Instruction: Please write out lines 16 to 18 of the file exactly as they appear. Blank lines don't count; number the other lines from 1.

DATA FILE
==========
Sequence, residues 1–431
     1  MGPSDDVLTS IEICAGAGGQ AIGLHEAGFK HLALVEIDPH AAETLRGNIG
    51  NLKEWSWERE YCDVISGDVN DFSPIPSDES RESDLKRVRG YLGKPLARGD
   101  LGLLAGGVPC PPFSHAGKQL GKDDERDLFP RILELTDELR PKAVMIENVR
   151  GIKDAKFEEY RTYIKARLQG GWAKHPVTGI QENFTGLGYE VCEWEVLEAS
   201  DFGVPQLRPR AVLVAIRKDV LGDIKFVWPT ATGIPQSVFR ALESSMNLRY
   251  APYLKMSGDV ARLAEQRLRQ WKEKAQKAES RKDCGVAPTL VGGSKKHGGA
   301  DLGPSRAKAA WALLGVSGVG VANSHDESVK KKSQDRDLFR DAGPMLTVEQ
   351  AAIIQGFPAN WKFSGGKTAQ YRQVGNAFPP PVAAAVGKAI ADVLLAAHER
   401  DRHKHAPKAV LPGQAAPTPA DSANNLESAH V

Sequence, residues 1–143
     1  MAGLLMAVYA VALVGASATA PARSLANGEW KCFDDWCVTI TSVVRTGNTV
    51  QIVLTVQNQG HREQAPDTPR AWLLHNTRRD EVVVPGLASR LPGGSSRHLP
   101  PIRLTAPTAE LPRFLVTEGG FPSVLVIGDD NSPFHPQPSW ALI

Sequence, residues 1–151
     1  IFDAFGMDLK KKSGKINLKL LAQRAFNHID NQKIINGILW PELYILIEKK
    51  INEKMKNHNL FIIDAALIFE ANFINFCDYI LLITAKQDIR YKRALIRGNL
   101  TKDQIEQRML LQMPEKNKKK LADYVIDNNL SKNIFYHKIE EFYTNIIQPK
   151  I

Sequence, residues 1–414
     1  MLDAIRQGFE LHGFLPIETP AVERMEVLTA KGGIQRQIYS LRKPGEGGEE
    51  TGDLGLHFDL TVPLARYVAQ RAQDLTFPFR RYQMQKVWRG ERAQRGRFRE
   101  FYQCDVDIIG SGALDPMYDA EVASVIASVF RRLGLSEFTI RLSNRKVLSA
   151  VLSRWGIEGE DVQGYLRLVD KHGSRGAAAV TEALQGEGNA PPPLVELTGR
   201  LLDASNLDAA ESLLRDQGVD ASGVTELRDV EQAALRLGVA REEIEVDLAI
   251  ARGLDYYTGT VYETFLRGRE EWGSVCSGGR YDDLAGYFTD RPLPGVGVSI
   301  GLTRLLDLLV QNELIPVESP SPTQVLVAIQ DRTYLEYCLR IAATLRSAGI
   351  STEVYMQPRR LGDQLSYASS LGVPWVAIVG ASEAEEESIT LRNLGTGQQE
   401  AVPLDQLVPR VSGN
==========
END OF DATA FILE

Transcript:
     1  IFDAFGMDLK KKSGKINLKL LAQRAFNHID NQKIINGILW PELYILIEKK
    51  INEKMKNHNL FIIDAALIFE ANFINFCDYI LLITAKQDIR YKRALIRGNL
   101  TKDQIEQRML LQMPEKNKKK LADYVIDNNL SKNIFYHKIE EFYTNIIQPK